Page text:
Washington D.C. Growth Coach franchise owner Ingar Grev knows the world holds few great leaders – people who know how to turn around a company, save thousands of jobs and push a staff to the next level while creating a team focused on the future who can communicate with each other.
That’s why, when Grev found himself sitting next General Motors CEO Daniel Akerson at a Naval Academy awards dinner and the two hit it off over football and a discussion on leadership and business strategy, Grev saw an opportunity.
“At the end of the evening, I asked the Navy Athletic Director Chet Gladchuk to snap our picture and, before we said our good-byes, I said, ‘Dan, I’m a volunteer blogger for the Washington Business Journal, a business coach, and I write on leadership and strategy topics. May I please interview you?’ He said sure … and he gave me 90 minutes over the phone – more than he gave any journalist,” Grev said.
The plethora of knowledge shared during that 90-minute interview was turned into a four- day article series recently published in the Washington Business Journal. The articles received some of the most reads for the website during that second week of June.
Here’s a selection from the first article, published on June 10th:
(Dan) was certain in 2009 that GM would be doomed to an existence of mediocrity as a result of the government’s stake. Easy money never produces great results. So, how did Dan transform GM with the cards stacked against the company?
I remember reading in the Wall Street Journal a while ago that Dan earned a reputation for asking hard-hitting questions while he served as the U.S. Department of Treasury representative on GM’s board of directors. He told me that “serving on the board for a year before taking over as CEO was a big advantage for me.” It helped him learn a great deal about the business and helped inspire him to accept the job of CEO.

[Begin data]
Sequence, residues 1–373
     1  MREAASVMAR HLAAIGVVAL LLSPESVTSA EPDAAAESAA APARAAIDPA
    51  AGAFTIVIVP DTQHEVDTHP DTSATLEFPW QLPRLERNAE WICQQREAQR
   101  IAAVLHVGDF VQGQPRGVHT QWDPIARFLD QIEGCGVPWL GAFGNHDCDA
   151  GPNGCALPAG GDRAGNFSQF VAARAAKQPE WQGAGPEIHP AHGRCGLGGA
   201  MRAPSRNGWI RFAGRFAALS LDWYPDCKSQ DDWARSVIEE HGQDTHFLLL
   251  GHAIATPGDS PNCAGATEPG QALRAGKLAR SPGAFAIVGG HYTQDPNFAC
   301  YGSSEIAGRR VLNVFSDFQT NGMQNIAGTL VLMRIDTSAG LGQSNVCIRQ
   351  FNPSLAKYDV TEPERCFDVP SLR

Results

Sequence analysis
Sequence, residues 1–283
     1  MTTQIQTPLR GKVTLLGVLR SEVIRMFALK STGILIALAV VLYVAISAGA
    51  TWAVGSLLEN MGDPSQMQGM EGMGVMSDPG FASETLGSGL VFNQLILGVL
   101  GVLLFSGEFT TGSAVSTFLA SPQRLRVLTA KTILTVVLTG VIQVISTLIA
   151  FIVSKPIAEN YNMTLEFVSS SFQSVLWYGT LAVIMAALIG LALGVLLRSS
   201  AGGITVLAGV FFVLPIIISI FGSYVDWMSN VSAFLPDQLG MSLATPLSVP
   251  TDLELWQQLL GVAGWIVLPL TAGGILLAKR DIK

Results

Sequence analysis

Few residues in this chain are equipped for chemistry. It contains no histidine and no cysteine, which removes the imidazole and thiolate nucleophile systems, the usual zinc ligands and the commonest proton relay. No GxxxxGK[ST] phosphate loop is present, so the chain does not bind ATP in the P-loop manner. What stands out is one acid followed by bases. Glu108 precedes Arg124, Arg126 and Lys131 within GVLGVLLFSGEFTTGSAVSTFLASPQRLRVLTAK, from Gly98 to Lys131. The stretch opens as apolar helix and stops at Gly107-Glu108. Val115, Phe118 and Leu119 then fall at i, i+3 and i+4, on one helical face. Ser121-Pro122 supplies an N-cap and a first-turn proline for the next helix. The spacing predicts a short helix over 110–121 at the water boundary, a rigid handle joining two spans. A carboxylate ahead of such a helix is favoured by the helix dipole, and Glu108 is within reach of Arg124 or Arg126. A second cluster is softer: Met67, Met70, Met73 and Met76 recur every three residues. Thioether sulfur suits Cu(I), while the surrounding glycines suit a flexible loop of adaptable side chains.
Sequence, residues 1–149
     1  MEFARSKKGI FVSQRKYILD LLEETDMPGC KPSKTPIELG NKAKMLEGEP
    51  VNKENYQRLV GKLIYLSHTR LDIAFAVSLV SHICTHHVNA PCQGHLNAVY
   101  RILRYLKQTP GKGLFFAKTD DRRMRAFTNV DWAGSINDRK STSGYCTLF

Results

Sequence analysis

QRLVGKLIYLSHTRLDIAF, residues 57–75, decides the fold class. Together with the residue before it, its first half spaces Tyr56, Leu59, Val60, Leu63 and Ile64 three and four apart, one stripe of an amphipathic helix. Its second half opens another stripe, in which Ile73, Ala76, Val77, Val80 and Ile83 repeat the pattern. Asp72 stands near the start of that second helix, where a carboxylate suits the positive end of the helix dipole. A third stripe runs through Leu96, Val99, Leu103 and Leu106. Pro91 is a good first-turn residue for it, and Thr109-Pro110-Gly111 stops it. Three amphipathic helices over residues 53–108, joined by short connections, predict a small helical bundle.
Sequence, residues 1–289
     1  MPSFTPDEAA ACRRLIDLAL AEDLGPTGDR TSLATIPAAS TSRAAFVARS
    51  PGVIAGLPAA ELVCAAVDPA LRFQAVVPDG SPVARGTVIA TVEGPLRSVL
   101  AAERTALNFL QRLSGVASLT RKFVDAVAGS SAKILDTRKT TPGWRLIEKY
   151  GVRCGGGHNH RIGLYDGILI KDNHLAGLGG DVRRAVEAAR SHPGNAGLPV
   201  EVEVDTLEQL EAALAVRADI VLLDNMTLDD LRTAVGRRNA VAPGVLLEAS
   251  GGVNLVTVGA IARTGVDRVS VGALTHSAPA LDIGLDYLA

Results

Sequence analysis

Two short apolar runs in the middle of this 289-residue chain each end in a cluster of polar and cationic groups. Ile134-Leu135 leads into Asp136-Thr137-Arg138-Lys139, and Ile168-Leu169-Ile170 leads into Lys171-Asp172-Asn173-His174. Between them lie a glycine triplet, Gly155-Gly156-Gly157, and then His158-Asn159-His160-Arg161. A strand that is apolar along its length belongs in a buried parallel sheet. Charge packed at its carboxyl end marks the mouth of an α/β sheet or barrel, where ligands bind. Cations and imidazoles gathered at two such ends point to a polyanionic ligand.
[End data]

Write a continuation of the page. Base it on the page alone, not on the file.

That might prompt you to ask: “Accept the job? Who wouldn’t accept the job as CEO of GM?” Well, Dan for one. At the time, he was the fourth-largest equity holder at The Carlyle Group and didn’t need the job. Moreover, GM was saddled with a tremendous amount of political baggage, as well as some structural issues, that drove GM into the mess they were in. Dan could have just as easily said no and kept his board seat.
You can read the articles in their entirety here: http://www.bizjournals.com/washington/blog/2013/06/general-motors-ceo-daniel-akerson-can.html
To learn more about Ingar Grev, check out his website: www.ingargrev.com.